The United States Navy, in keeping with its commitment to provide resources for 21st Century Sailors and Marines, has developed two operational stress control mobile training teams (OSC MTT). The teams will deliver OSC Leader and OSC Front Line Supervisor training to Navy commands.
The OSC Leader course, which lasts for six hours, is designed for unit wardrooms and chief petty officer messes. It is an interactive, professionally-facilitated, and skills-based course where leaders learn how to identify and mitigate stress, as well as build resilience, before it becomes a stress injury or illness.
The 4-hour OSC Front Line Supervisor course, on the other hand, aims to help E-6 to O-3 deckplate leaders develop skills to recognize and address stress in their Sailors. It provides in-depth training for deckplate supervisors in order to improve their ability to recognize and intervene with Sailors who are suffering from emotional distress.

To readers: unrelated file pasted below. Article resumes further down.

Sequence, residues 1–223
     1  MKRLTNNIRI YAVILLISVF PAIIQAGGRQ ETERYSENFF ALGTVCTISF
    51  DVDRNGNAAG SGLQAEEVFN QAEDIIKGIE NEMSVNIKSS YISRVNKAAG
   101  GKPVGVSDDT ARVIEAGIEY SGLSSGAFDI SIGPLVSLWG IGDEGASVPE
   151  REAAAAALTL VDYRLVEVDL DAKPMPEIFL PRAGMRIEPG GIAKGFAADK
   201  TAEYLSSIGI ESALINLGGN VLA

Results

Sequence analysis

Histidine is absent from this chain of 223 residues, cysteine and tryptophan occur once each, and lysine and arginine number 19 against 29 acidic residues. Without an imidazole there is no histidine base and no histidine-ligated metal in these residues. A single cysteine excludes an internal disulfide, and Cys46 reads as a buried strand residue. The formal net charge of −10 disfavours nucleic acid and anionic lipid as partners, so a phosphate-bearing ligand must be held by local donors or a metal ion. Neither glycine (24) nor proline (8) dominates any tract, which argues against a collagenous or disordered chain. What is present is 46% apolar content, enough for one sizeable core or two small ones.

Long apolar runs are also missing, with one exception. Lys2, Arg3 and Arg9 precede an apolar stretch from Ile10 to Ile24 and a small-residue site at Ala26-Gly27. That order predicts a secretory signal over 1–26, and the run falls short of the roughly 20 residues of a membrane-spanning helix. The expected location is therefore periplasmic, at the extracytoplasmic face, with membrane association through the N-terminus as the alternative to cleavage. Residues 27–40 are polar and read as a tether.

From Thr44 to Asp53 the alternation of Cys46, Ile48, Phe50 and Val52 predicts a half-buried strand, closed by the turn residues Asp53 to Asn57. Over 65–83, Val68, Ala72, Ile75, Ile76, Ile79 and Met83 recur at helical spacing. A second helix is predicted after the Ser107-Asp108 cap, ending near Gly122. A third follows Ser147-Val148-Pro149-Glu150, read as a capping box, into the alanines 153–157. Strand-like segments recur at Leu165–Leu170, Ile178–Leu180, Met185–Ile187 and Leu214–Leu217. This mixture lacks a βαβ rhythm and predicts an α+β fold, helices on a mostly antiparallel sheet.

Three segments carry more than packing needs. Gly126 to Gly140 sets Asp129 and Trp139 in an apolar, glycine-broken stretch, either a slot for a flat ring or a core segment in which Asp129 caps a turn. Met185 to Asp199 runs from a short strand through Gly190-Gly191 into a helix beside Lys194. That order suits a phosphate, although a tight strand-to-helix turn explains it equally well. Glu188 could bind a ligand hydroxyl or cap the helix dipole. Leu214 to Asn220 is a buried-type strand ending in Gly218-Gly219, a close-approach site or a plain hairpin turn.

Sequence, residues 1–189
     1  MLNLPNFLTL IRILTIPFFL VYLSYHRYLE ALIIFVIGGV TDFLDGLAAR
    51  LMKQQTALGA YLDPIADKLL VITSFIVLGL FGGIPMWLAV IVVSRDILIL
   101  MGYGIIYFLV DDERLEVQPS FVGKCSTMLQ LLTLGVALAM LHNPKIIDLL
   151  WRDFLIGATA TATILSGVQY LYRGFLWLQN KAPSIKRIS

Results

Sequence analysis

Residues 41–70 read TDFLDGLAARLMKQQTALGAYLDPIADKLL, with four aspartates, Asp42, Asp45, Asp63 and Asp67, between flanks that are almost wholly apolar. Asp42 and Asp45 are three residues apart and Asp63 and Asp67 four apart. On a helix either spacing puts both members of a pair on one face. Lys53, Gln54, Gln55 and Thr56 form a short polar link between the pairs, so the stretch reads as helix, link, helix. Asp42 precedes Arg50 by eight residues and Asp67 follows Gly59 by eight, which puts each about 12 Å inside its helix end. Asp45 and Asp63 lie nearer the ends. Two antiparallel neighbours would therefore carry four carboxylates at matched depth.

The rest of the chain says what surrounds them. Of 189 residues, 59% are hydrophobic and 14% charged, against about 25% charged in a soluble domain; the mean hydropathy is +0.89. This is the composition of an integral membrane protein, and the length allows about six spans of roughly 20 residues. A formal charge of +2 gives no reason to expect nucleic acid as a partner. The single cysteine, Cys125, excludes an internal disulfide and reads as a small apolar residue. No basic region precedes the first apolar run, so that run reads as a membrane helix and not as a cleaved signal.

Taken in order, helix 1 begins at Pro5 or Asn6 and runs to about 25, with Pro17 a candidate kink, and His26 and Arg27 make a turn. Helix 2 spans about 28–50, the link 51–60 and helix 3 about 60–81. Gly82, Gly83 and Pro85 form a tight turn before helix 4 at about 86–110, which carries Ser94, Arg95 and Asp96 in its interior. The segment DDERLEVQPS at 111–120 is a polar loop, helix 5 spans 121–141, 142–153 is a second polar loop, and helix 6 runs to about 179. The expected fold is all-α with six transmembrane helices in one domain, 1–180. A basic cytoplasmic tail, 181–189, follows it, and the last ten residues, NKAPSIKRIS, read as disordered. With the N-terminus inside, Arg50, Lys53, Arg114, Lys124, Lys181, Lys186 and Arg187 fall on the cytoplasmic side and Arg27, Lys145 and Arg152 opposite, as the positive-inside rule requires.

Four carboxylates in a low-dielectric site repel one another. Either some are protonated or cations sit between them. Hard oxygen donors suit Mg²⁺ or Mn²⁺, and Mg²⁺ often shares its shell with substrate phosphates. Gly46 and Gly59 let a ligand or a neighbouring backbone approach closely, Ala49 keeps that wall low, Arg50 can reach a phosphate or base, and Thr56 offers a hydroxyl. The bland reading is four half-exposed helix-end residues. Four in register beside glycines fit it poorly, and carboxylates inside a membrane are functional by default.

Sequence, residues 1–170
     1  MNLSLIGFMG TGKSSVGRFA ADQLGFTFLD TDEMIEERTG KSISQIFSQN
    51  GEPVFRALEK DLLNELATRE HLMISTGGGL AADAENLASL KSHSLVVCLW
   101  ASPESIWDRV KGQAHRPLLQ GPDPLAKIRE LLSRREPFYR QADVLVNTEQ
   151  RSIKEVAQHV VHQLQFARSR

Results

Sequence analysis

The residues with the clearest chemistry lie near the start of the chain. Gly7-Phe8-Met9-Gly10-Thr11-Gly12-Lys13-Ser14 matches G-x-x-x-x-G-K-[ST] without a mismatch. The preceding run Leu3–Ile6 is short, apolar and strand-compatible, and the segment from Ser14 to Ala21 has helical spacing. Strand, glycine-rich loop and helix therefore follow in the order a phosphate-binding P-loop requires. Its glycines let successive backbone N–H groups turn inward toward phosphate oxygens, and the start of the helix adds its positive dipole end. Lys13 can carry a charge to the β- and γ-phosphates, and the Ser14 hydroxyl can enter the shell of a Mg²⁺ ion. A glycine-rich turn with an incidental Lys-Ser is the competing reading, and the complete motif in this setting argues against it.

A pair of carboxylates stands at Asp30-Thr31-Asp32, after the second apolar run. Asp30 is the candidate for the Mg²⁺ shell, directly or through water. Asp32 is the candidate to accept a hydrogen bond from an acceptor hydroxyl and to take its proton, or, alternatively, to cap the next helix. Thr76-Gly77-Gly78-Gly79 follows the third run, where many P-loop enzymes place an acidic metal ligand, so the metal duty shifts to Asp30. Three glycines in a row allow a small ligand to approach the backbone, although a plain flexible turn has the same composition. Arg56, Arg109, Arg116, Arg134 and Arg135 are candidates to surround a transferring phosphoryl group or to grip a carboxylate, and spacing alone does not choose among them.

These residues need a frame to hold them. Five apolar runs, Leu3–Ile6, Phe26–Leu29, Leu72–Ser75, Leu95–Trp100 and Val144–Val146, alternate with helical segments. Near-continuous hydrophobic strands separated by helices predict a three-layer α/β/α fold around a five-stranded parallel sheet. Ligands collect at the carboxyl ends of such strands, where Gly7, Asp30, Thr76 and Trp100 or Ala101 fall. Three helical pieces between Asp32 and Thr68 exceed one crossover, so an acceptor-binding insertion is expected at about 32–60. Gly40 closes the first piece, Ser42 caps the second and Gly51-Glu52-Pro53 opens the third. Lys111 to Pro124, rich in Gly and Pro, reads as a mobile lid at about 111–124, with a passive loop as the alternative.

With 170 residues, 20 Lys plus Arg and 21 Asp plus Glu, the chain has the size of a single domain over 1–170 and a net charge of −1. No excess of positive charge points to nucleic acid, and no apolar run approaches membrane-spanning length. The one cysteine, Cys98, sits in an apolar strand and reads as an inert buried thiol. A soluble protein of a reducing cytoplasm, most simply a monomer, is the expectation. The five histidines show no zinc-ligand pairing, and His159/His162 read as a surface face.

To ensure that they have the ability to respond quickly to requests for training, the teams have been positioned on both the East and West Coasts.
Capt. Kurt Scott, Behavioral Health Programs director, Bureau of Naval Personnel, shared: “We wanted to expand the availability of our OSC skills training, and the MTTs are the most cost-effective method. This brings the training to the command… The most important part of these courses is the frank discussion among attendees. When members of a command talk about what they see as stress-related issues and how course tools could be applied in their commands, OSC becomes more than a concept – it becomes a way of doing day-to-day business.”